Benjamin Franklin Papers

To Benjamin Franklin from Richard Hare, Jr., 23 February 1782

From Richard Hare, Jr.9

ALS: American Philosophical Society

Cork 23d. Feb 1782

May it please your Excellency

I am inclined to hope your Excellency will pardon the Liberty I have taken in addressing a few Lines to you, which I expect will be deliver’d by Mr. Whipple or Capt Lewis,1 either of whom can inform your Excellency the cause that has prompted me to presume to address a person of your Rank— The Sufferings of a number of our unfortunate Brethren, whom the Fortune of Warr have thrown into the Hands of People, void of Humanity, can better be releated by either of the above Gentlemen, than in the power of my pen to releat near two hundred are at present confined in a wretched prison, many of whom would have perished the past Winter but for a small subscription raised in this place by a few Individuals.2

Your Excellency will be pleased to take their pityable case into your serious Consideration & endeavour to have an Exchange effected, which, if speedily done, may be the means of saveing the Lives of a number of brave, tho’ unfortunate Men— I should think myself happy in haveing the Honr. of a Line from your Excellency convey’d thro a safe channell & shall think myself thrice happy by being honour’d, in the distribution of any sum, that I may receive directions to distribute among those unfortunate people.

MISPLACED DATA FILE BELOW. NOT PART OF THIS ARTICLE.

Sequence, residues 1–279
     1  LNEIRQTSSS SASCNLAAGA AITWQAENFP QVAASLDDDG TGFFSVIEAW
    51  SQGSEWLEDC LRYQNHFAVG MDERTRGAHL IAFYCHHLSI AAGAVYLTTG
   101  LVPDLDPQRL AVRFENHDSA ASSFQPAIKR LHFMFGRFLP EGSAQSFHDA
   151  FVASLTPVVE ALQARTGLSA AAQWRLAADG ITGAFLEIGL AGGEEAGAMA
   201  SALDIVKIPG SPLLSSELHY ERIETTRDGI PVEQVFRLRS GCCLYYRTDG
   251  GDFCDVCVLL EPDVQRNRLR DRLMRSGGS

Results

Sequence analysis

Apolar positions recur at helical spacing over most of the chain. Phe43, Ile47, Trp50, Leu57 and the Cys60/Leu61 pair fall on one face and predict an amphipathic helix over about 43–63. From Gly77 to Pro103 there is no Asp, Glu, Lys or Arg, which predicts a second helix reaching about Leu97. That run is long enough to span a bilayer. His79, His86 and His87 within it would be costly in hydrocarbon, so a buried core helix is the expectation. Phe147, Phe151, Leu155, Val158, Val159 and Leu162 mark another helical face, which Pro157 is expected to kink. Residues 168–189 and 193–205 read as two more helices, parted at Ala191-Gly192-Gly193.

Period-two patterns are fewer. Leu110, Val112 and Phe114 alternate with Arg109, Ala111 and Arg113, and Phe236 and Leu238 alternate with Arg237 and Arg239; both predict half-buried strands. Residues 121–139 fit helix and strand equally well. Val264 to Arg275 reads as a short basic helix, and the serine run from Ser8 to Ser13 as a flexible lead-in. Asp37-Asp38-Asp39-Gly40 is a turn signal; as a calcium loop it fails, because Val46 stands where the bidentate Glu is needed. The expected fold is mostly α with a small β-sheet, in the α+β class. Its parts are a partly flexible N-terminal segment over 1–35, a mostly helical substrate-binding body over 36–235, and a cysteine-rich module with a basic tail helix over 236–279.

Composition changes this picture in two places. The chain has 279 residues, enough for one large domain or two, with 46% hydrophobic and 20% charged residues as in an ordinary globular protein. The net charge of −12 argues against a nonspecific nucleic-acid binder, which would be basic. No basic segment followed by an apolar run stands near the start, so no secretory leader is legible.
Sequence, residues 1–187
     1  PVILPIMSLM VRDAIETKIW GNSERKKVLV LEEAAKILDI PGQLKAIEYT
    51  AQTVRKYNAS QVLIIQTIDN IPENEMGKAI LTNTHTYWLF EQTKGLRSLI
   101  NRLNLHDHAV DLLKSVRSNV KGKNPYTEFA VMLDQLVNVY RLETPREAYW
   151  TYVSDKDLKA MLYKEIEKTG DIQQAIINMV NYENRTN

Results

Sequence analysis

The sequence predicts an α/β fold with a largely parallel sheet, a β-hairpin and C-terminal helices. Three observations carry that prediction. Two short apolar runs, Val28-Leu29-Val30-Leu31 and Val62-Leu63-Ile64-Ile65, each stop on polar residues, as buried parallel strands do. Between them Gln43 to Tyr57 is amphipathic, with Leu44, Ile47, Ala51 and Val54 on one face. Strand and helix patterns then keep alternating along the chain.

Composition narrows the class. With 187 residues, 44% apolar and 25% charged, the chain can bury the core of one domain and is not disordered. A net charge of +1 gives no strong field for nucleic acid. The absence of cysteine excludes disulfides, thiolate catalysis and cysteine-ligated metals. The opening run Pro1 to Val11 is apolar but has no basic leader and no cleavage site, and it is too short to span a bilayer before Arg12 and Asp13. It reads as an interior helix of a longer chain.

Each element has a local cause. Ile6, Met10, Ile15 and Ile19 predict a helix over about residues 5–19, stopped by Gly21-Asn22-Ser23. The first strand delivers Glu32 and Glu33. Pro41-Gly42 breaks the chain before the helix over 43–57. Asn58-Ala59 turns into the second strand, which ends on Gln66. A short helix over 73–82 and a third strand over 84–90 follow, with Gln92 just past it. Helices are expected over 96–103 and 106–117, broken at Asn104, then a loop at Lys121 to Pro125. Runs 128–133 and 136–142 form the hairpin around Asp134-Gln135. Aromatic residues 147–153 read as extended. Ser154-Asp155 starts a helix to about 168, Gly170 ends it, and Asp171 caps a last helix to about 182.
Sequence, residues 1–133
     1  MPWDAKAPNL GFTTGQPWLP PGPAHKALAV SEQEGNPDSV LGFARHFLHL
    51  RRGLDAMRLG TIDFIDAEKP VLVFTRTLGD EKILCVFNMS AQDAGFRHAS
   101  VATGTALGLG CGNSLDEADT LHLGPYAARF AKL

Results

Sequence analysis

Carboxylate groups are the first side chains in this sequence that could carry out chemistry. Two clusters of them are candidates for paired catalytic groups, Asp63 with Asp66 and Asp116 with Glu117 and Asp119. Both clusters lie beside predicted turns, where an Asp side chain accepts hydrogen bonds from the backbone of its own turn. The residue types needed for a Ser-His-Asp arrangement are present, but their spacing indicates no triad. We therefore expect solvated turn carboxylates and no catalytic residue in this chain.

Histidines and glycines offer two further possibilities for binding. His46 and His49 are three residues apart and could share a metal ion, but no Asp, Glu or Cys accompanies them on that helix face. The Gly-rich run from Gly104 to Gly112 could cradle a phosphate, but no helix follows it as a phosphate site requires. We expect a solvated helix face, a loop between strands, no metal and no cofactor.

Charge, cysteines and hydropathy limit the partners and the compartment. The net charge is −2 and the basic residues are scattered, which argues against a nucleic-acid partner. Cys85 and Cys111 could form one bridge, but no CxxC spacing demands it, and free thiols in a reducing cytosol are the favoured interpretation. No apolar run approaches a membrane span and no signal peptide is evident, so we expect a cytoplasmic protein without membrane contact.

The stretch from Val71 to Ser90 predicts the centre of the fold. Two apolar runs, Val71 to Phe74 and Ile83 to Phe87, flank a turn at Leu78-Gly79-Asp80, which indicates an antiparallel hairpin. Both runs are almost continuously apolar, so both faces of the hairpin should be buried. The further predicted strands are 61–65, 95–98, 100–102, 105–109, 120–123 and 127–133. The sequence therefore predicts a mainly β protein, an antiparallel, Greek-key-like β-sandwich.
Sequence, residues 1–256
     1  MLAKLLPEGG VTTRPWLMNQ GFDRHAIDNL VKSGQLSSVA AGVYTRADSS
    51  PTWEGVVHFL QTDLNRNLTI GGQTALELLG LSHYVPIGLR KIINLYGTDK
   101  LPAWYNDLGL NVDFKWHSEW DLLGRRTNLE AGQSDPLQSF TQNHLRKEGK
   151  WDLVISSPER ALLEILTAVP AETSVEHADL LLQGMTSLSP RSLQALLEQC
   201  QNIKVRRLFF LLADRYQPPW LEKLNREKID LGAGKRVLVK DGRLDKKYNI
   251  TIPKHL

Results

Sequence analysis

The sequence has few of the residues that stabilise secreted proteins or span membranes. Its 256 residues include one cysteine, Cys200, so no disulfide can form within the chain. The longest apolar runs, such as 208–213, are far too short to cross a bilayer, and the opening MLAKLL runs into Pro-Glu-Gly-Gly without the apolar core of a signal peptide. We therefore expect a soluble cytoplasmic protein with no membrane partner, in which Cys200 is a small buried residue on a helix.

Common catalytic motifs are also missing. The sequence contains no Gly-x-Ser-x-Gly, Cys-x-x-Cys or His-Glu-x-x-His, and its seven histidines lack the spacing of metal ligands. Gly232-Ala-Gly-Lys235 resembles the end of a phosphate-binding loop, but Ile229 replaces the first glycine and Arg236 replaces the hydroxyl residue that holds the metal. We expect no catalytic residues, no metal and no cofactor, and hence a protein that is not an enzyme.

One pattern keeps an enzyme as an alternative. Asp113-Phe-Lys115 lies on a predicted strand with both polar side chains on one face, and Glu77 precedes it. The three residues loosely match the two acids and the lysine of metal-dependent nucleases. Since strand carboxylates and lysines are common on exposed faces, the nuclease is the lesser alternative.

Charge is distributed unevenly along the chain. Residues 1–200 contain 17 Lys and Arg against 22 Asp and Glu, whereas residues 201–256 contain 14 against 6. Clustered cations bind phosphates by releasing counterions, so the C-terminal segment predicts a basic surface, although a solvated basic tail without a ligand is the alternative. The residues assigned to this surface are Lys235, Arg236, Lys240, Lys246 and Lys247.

I have the Honor to be Yr. Excellencys Most Obedt. & Hble Servt.

Richard Hare Junr:

Notation: Hare Junr. Richard, Cork 23. Feby. 1782.

[Note numbering follows the Franklin Papers source.]

9A merchant and captain of the Cork Artillery corps of the 1782 volunteers: information kindly provided by Diarmuid Ó Murchadha of the Cork Historical and Archæological Society. See also James O’Donovan, “The Anatomy of the Volunteers in Cork, 1775–82,” Journal of the Cork Historical and Archœological Society, 2nd ser., LXXXVII (1982), 26–42, 118–127.

1Job Whipple and Elijah Lewis, who had escaped from the Kinsale prison. They were in Nantes by March 24, when they wrote BF on behalf of the men still incarcerated (APS).

2In the winter of 1781 / 82 Americans at Kinsale were subjected to such cruelty and deprivation, and were dying at such high rates, that local residents took up their cause. A letter from “Benevolus” to the Cork Hibernian Chronicle on Feb. 28 provoked a published exchange on prison conditions which publicized the facts. Rev. William Hazlitt and Quaker merchant Reuben Harvey were the chief activists, helping to organize a subscription for the prisoners as well as assisting them to escape: Reuben Harvey to the American Peace Commissioners, Feb. 10, 1783 (National Archives); C.J.F. MacCarthy, “The American Prisoners at Kinsale,” Journal of the Cork Historical and Archœological Society, 2nd ser., XCIV (1989), 46–51; Sheldon S. Cohen, “Reuben Harvey: Irish Friend of American Freedom,” Quaker History, LXXXVIII (1999), 22–32; Ernest J. Moyne, “The Reverend William Hazlitt: A Friend of Liberty in Ireland During the American Revolution,” W&MQ, 3rd ser., XXI (1964) 288–97.

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